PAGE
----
|The B-52's and their funky little shack took the chart by storm|
OK, not everything was old, with another Italo house release making the top 50 and the brand new musical project for a former girl group member. But with the top four dominated by veteran acts and songs, the top 50 was beginning to feel a little long in the tooth.
|ARIA Top 50 Singles Chart - week ending November 26, 1989|
Speaking of the top of the chart, Cher's "If I Could Turn Back Time" held strong at the top of a static top 4, which also included Alice Cooper, Billy Joel and runner-up Jive Bunny & The Mastermixers.
"Ghostbusters" by Run DMC
Peak: number 56
The original version of the song reached number 2 and spent a mammoth 21 weeks in the top 10 back in 1984 when the first Ghostbusters film was released, but this revamped version for the sequel by rap trio Run DMC missed the top 50 altogether. Sounding more like something you'd expect from The Fat Boys, the trio's update of the Ray Parker Jr classic did avoid the elements of the original that had resulted in an out-of-court settlement with Huey Lewis & The News (for sounding too similar to "I Want A New Drug"). Lesson learnt, then. The Ghostbusters II soundtrack would produce a bigger hit than this - and we'll see it arrive on the top 50 next week.
"Everyday Now" by Texas
Peak: number 52
Last week, we saw perpetual chart misser Debbie Gibson once again fail to crack the top 50 with her latest release - and here was another act who were starting to make a habit of falling short. As it did in the UK, "Everyday Now" made a slight improvement on predecessor "Thrill Has Gone" (which reached number 60 in Australia a couple of months earlier), but not enough to break the one-hit wonder tag Texas would wear for quite a few years to come. Small wonder, since the band's third single was another bland tune that lacked the spark of debut release "I Don't Want A Lover".
Number 49 "Numero Uno" by Starlight
Peak: number 23
While "Ride On Time" leapt up to number 14 on this week's chart, another Italo house single masterminded by the same producers (Daniele Davoli, Mirko Limoni and Valerio Semplici) under one of their many aliases bulleted into the top 50. "Numero Uno" wouldn't end up as big a hit as the Black Box single but it did establish that Australia's appetite for dance tracks had increased since the start of the year when club hits by Soul II Soul and Inner City failed to make much of an impression.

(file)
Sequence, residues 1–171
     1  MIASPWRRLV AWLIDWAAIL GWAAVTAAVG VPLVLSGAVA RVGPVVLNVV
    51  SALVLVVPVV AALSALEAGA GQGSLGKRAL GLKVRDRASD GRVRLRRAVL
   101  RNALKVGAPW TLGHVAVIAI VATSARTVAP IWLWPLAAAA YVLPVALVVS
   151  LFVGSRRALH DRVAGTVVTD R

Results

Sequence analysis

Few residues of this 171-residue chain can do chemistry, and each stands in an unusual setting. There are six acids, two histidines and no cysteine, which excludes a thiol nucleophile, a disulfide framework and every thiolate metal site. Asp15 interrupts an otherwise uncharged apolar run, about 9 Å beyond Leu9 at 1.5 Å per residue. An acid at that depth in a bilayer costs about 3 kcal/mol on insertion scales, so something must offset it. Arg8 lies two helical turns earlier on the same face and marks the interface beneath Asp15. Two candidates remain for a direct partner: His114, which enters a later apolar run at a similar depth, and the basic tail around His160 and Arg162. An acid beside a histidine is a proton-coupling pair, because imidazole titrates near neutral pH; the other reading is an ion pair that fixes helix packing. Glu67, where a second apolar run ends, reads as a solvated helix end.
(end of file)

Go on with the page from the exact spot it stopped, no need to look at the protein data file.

Number 48 "You're History" by Shakespear's Sister
Peak: number 20
Bananarama had moved on since the departure of founding member Siobhan Fahey, and now the fruits of her labour away from the girl group found their way onto the chart. "You're History" couldn't have been more different from "I Want You Back", "Nathan Jones" or "Love, Truth And Honesty", which made sense given Siobhan left Bananarama because she was unhappy about the trio's musical direction (thanks to producers Stock Aitken Waterman).
Named after a slightly differently spelt song by The Smiths, Shakespear's Sister (the apostrophe was still intact at this stage) had started out as a solo project for Siobhan, and "Break My Heart (You Really) / Heroine" was released as a double A-side debut single. But, one became two when collaborator Marcella Detroit was promoted to regular band member status - and "You're History" established the vocally mismatched pair as a unique force in music.
Number 34 "I Want That Man" by Deborah Harry
Peak: number 2
At 44 years of age, Deborah (not Debbie, anymore) Harry ranked as one of pop's elder stateswomen but proved her best days weren't behind her with this lead single from the Def, Dumb & Blonde album - at least in Australia.
While "I Want That Man" was a massive hit locally, it didn't even make the Billboard Hot 100 and missed the UK top 10. In fact, in America, Deborah never had a top 40 solo hit - a far cry from all the success she enjoyed as lead singer of Blondie.
Written by Thompson Twins' Tom Bailey and Alannah Currie, the song features the line "here comes the 21st Century" and, as a result, was one of many songs re-released in time for Y2K to cash in on their lyrical relevance (see also: "1999", "The Final Countdown").
Number 27 "Love Shack" by The B-52's
Peak: number 1
The B-52's had had a rough time of it since their last appearances on the ARIA top 50 back in the early '80s. Musically, they released two less-than-successful albums in the form of Whammy! and Bouncing Off The Satellites, and tragically, founding band member Ricky Wilson passed away in 1985.
"Love Shack" changed all that. The second single from 1989's Cosmic Thing album - the first, "Channel Z", would be re-released in 1990 - it was as unique and quirky as earlier hits "Rock Lobster" or "Private Idaho" but thanks to production from Don Was (of Was (Not Was) fame), it was much more commercial than either of those songs.
With quotable lyrics like "so hurry up and bring your jukebox money", "hop in my Chrysler, it's as big as a whale and it's about to set sail" and the initially indecipherable "tin roof, rusted", "Love Shack" quickly became the song of summer '89/'90, spending eight weeks at number 1 and entering into the wedding reception/21st birthday party canon. Like "Mickey" and "Come On Eileen", "Love Shack" was almost ruined thanks to being flogged to death, but there's no denying it's a brilliant and totally original song.
Next week: the arrival of the aforementioned hit single from Ghostbusters II, another new dance hit and Jive Bunny starts to multiply like, well, you know.
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